Wednesday, October 19, 2016

Reading, lately

Whew. We got home from vacation and then everything got crazy. There's been a lot of good stuff (parties with friends, a short camping trip, a bit of actual cooking) and some not so great stuff (two colds in three weeks = thumbs down emoji). There has also been some reading ...

reading, lately

Labor of Love: The Invention of Dating - I found this really interesting and chock full of trivial pursuit type facts that go over well at dinner parties (did you know that TGIF's used to be a hip singles bar?).

Breathing Lessons - This novel won a Pulitzer, but I had a hard time loving it. It's easy to read, the writing is good, but the characters are so darn frustrating. I don't really love reading about contentious marriages (listening to people bicker is my number one peeve), even when it turns out they really do love each other.

The Girl Before - This book has a really unusual premise (it's tough to say much without giving everything away), and it's done fairly well. I wouldn't really call it a thriller but it's tense and interesting. The ending is the weak point for me, but it wasn't a total deal breaker, it just felt a little simplistic. But who knows?

Gilead - So, so lovely. Marilynne Robinson is one of my favorites. I had avoided this book for a while because years ago I heard that it was all stream of consciousness and difficult to get through. I found that to be not the case at all, and I loved it. It's the partner book to Home (Gilead was written first, but I read them in the opposite order).

Headhunters - Don't hate me, but I usually shy away from Nordic thrillers because they tend to be so dark (often literally, there is very little sun and lots of descriptions of winter). But I've read a couple of Nesbo's Harry Hole books and enjoyed them, so I picked up this stand alone mystery to take on vacation. It is ... weird, but good. Very gripping, lots of tense action. There is a dog death that I could tell was coming (spoiler, sorry, but it isn't super integral to the plot and I think fair warning is required on animal stuff) and I almost quit before it arrived, but I pushed through and just tried not to think about it.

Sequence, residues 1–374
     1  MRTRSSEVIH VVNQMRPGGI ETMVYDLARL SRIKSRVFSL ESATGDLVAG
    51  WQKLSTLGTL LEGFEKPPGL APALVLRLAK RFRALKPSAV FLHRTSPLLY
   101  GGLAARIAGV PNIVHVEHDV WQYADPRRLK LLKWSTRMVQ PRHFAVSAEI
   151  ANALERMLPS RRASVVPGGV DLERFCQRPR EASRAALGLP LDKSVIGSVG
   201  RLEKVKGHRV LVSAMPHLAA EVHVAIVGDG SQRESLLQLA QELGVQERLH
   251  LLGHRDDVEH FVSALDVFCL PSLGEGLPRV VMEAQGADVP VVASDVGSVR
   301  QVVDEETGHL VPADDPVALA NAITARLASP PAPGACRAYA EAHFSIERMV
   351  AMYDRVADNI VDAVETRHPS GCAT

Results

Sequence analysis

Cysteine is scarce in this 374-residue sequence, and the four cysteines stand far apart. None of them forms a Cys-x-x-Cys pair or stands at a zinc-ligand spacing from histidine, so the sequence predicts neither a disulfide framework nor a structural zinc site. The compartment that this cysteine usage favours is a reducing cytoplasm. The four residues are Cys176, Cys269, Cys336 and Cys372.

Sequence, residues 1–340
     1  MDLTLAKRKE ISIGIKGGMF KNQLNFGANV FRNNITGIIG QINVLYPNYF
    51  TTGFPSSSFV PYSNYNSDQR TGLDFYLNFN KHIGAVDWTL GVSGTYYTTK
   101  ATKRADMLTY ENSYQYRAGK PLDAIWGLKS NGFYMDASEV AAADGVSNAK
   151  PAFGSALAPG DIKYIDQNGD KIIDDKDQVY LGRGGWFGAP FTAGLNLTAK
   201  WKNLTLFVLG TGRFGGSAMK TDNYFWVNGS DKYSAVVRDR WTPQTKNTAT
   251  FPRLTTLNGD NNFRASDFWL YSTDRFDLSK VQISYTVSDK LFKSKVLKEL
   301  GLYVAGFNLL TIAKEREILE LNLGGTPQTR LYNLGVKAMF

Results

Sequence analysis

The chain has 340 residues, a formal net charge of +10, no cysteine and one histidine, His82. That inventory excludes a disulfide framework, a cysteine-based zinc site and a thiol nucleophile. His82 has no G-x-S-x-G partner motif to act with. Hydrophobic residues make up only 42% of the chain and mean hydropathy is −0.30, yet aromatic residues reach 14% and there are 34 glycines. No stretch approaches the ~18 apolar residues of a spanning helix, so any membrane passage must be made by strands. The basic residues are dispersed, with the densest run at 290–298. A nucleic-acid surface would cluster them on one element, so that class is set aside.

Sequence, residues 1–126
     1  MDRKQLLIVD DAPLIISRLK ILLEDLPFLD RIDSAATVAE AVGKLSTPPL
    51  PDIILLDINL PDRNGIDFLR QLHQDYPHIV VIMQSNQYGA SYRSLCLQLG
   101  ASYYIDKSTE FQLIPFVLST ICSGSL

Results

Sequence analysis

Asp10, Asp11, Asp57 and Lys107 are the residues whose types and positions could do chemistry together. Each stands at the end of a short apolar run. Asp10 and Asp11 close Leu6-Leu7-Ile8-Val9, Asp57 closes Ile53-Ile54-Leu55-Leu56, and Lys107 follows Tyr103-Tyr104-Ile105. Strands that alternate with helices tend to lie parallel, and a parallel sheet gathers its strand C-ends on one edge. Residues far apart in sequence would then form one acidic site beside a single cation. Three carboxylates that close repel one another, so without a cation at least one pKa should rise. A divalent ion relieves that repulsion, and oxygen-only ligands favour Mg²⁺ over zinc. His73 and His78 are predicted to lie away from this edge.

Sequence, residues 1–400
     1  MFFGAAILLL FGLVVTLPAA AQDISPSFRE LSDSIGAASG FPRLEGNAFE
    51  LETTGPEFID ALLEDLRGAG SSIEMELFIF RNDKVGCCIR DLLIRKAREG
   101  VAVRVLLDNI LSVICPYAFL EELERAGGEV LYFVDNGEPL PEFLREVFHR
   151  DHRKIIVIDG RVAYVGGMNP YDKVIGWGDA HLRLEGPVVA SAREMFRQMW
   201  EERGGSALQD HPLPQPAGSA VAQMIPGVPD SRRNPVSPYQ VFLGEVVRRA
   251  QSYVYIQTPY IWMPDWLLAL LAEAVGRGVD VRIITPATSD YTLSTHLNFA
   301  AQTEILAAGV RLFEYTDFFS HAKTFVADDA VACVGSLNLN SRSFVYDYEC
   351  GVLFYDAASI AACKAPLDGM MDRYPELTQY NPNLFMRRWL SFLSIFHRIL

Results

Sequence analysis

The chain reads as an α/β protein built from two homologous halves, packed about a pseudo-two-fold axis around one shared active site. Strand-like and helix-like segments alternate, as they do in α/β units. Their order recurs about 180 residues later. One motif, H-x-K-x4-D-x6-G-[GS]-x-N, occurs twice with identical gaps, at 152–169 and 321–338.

Left For Dead - This is just a novella, but it's a prequel to the wonderful Maeve Kerrigan detective series. If you love the series, you'll want to read this.

You Will Know Me - I have tried a couple of Megan Abbott books and they just don't do it for me. The writing feels like it's working too hard, and as much as I love movies about cheerleaders or gymnasts (nothing will ever match my love for Drop Dead Gorgeous), apparently I don't love reading about them. That said, this is a well plotted thriller that lots of people loved, so I might be an anomaly.

Pretty Girls - Karin Slaughter's mysteries are always gruesome (p.s. - do we think she was born with that name and if so, did she have no choice but to start writing thrillers? Emily and I were talking about this the other day and we think it must be a pen name) but I generally like her series. This is a one off and it was a bit too much for me and the payoff wasn't good enough.

Re-read - The entire Hitchhiker's series. Every time I read this I marvel at how much I love it all over again. It just doesn't get old to me. I have tried to tell Dustin the train station biscuit story at least a dozen times, because I laugh every time I think about it. (The story is here, Adams claimed it actually happened to him and he then wrote it into the book, and interestingly, when I googled it to find a link for you, there is a whole Snopes page about it. Whether or not this is true, I will always remember reading it at 13 years old and nearly crying with laughter. The version in the book is better because you know Arthur Dent so well you can picture it happening.)

I'm currently on the wait list for a bunch of stuff, including a few thrillers (particularly appealing in Fall, I think) and I'll report back once I get them. Anything I should be adding to my list?